My rediscovery coincided with an article I had read about how New York was actively looking to make full use of and derive benefit from night time lighting as a means of attracting people to south Manhattan. In their project brief, the New York department responsible for economic development expressly highlighted the role that night time lighting would play in attracting people and adding to the qualities of the place.

Freo city centre as a central activities district?

I like the idea of flipping our dialogue from 'central business district' to 'central activities district'. I think that a key to successfully revitalising Freo is about imagining how many awesome activities we can provide in our city. I get the feeling that maybe people are looking for more than just a shopping trip and we're in a position to offer that point of difference that Garden City, Stirling, Cockburn and Joondalup just can't provide.

I'd like to see Council build on the success of Projections on High. I see an opportunity for having seasonal showings outside of the Fremantle Festival and eventually possibly expanding these projections beyond the West End and around the inner city. Like in the City of Greater Dandenong, tours could be arranged and a new economy could emerge.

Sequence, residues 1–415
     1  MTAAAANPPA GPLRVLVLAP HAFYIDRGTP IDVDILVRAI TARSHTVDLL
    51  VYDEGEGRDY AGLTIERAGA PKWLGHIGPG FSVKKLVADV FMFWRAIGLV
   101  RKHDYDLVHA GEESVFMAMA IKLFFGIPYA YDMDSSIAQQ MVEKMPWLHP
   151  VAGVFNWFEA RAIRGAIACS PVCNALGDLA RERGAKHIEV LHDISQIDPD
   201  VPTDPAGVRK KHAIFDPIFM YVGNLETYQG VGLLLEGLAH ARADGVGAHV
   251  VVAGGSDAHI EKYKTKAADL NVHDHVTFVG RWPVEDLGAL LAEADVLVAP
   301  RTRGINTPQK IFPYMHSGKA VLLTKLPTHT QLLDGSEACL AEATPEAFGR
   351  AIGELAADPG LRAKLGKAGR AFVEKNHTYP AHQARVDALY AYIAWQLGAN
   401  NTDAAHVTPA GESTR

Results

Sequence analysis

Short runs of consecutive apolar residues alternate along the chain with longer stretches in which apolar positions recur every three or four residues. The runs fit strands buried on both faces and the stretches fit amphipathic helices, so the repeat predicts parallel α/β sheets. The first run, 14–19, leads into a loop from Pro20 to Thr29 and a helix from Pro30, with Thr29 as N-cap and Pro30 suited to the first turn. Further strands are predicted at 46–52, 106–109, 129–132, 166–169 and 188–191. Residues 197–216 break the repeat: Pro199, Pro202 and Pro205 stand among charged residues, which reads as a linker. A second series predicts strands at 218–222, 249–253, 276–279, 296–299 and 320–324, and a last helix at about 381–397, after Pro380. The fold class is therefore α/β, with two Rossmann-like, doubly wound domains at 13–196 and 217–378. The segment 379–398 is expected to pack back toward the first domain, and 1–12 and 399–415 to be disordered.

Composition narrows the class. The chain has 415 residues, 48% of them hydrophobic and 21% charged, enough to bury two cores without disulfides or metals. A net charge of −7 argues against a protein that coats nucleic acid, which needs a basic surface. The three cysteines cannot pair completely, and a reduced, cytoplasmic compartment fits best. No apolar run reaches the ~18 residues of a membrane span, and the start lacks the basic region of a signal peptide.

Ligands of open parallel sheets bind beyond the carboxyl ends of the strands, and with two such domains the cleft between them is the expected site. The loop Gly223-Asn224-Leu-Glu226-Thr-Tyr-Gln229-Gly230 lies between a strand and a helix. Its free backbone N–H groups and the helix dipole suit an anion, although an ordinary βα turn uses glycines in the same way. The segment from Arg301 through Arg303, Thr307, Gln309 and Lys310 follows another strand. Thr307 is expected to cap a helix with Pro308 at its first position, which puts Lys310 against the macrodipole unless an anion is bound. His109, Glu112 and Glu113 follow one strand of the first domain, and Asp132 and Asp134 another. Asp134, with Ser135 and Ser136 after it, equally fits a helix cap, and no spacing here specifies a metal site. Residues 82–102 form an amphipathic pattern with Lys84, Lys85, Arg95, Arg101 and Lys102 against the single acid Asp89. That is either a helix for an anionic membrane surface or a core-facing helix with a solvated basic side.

A ten year vision for lighting our buildings could result in the type of success that Cottesloe currently enjoys with Sculptures by the Sea and see Freo begin attracting talent, residents and businesses due to its quality places and awesome central activities district.

Additional reading

For more reading on this topic click herehere and especially here.
To find out more about Carol Coletta click here.

Sunday, 11 March 2012

March of the Lanterns: Wray Avenue, 31 March 2012